This is an unusual Hoysala temple built in the ekakuta architecture with nagara (north Indian) styled tower. The walls of the shrine and the mantapa are severe looking as there is no sculptural decoration. Yet this temple is considered important from the architecture point of view The temple is built on a jagati (platform) and Soapstone (or green–chloritic schist) is the material used. The temple has a large "linga" (the universal symbol of the god Shiva) in its sanctum and an equally large and extremely well carved Nandi in a closed hall whose walls have perforated stone windows. Also unique about this temple is one of its kind life-size standing image of the goddess Parvati (consort of Shiva). The unique images of the navagraha (lit, "nine planets"), facing each other is another unique feature to be noted. There are two images of the god Ganesha (son of Shiva), one outside the sanctum and the other at the entrance to the sanctum housing the goddess Parvati. In the common hall are the intricately carved independent images (not in frieze) of deities from the Hindu pantheon that are noteworthy; Chamundeshwari (the devine mother), Subramanya (a son of Shiva), Ganesha, Kala Bhairava (a version of Shiva), a set of images depicting the different incarnations (avatars) of Parvati, and Surya Narayana (a version of the god Vishnu).
Lakshminarayana Temple, Hosaholalu, Karnataka
The Lakshminarayana Temple is located in Hosaholalu, a small town in the Mandya district of Karnataka state, India. It was built by King Vira Someshwara of the Hoysala Empire in 1250 C.E. The dating of the temple is based on the style of the sculptures and architecture that compares closely with the contemporary Hoysala monuments at Javagalu, Nuggehalli and Somanathapura. The town of Hosaholalu is about 60 kilometres (37 mi) from Hassan and 45 kilometres (28 mi) from the heritage city of Mysore, the cultural capital of Karnataka state.Temple Plan
The temple is an splendid example of a trikuta vimana (three shrined) temple though only the central shrine exhibits a tower (superstructure or Sikhara) on top The lateral shrines are square in construction with five projections and no special features. The central shrine is well decorated and its tower has a sukanasi (called "nose") which is actually a lower tower over the vestibule that connects the shrine (cella containing the image of the deity) to the hall (mantapa). The sukanasi looks like an extension of the main tower over the central shrine. The material used for the temple construction is chloritic schist, more commonly known as Soapstone. The temple is built on a jagati (platform), a Hoysala innovation that elevates the temple by about a metre.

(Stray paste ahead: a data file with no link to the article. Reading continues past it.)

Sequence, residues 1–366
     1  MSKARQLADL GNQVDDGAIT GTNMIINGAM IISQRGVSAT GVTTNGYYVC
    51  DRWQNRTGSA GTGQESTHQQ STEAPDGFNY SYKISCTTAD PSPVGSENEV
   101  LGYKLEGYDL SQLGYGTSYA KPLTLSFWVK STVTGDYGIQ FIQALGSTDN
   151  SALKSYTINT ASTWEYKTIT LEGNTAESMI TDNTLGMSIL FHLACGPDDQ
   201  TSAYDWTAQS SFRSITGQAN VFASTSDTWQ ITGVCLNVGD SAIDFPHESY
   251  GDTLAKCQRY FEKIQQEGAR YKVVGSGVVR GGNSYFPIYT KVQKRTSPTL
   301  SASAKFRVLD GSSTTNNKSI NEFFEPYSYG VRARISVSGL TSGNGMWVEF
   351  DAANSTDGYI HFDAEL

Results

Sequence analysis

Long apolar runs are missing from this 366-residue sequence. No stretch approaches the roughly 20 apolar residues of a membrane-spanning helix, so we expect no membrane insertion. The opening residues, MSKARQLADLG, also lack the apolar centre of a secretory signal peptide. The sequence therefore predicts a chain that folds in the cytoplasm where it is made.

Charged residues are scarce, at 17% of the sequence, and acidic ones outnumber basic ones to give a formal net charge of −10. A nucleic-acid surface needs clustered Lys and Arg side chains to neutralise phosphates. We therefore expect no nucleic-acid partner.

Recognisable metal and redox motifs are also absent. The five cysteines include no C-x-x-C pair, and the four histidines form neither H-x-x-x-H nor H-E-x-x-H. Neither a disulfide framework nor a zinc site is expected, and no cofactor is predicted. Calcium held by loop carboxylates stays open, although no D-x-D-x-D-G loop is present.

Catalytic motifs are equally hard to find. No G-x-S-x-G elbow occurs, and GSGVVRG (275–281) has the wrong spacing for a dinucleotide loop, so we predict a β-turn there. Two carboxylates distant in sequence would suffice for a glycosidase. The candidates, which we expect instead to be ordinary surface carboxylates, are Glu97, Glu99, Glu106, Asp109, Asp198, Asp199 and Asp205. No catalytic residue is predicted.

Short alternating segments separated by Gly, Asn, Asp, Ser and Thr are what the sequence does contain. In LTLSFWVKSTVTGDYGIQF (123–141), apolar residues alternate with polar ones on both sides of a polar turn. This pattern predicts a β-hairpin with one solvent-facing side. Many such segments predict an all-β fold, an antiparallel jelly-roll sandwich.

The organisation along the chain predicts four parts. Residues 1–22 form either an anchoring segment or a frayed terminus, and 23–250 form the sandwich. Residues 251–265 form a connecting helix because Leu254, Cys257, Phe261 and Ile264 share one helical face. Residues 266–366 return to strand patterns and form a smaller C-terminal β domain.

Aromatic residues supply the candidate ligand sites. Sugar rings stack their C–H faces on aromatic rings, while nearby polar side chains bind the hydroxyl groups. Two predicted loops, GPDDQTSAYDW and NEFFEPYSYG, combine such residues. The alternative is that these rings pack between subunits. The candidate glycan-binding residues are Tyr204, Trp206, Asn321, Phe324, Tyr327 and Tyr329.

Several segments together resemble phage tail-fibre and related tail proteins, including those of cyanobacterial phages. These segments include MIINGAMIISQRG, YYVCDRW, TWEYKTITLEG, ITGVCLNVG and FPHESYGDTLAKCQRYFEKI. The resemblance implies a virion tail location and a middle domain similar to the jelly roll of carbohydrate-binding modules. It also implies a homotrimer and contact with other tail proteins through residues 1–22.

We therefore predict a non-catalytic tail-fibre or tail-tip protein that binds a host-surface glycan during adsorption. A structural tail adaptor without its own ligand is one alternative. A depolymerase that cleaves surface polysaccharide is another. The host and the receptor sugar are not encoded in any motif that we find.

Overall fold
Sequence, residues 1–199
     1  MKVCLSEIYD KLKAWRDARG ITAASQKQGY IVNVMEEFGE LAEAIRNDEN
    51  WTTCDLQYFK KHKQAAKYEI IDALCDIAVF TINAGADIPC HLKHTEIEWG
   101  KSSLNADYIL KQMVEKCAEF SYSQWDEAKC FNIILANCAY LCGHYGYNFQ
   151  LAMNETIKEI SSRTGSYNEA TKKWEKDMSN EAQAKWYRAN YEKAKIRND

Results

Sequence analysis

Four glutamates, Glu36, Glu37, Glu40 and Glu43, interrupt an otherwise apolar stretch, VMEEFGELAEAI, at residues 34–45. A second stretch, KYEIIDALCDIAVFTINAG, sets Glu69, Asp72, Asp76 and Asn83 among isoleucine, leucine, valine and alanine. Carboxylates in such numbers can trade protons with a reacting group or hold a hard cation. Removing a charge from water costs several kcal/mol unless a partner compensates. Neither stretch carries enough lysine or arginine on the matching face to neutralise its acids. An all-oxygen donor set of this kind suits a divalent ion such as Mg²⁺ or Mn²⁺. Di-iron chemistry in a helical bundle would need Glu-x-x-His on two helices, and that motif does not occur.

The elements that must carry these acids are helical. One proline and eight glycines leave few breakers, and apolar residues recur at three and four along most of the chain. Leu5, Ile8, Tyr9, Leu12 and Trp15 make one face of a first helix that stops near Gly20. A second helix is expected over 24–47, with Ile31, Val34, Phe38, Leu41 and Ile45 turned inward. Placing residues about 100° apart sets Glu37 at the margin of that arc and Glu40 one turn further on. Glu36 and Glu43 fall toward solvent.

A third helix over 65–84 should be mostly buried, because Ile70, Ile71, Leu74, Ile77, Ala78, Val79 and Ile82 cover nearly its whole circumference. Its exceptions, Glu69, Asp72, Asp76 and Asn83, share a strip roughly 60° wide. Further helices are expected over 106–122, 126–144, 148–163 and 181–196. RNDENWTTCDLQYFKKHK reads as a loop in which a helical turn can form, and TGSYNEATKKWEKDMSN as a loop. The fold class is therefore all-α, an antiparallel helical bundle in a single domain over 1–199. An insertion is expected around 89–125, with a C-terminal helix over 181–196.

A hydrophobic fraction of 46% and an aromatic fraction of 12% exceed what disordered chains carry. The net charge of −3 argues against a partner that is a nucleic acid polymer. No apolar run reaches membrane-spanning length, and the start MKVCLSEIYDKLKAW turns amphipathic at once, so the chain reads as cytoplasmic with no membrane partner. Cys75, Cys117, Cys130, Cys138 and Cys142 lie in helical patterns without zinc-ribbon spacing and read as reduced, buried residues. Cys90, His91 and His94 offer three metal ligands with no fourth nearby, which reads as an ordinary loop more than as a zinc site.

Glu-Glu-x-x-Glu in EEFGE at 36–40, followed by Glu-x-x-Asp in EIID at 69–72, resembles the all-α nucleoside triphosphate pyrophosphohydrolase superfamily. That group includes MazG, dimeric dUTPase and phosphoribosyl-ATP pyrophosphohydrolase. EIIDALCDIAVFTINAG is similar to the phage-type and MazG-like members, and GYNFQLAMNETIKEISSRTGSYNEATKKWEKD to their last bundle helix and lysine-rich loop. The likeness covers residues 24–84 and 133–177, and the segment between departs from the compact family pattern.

According to art critic Gerard Foekema, the temple as a whole exhibits the "new style" and belongs to the 2nd phase of Hoysala building activity (13th century), with two sets of eaves, and six moldings at the base of the outer wall. The first eave is located where the superstructure meets the temple outer wall and the second eave runs around the temple and about a metre below the first eave. In between the two eaves are decorative miniature towers on pilasters (called Aedicule), with sculptured wall images of Hindu deities and their attendants below the second eave. Being a Vaishnava temple (a Hindu sect), most of the images represent some form of Hindu god Vishnu, his consort and his attendants. There are a hundred and twenty such images. In all there are twenty four sculptures of Vishnu standing upright holding in his four arms the four attributes, a conch, a wheel, a lotus and a mace in all possible permutations. Below the panel of deities is the base of the wall consisting of six decorative rectangular moldings of equal width which run all around the temple.
The six horizontal mouldings are intricately sculptured and are called friezes. Seen from top to bottom; the first frieze depicts birds (hansa), the second depicts aquatic monsters (makara), the third frieze has depictions of Hindu epics and other mythological and puranic stories narrated in the clockwise direction (direction of devotee circumabulation), the fourth frieze has leafy scrolls, the fifth and sixth friezes have a procession of horses and elephants respectively In the frieze that depicts the epics, the Ramayana starts from the western corner of the southern shrine and the Mahabharata starts from the northern side of the central shrine vividly illustrating the demise of many heroes of the famous war between Pandavas and Kauravas
The interior of the temple consists of a closed hall (mantapa) of modest size with four polished lathe turned pillars supporting the roof. The four central pillars divide the hall into nine equal "bays" (compartments) and nine decorated ceilings The sanctum of the three shrines contain the images of Venugopala, Narayana in the middle and Lakshminarasimha; all forms (Avatar) of Vishnu.
Om Tat Sat
(My humble salutations to the great devotees , wikisources and Pilgrimage tourist guide for the collection )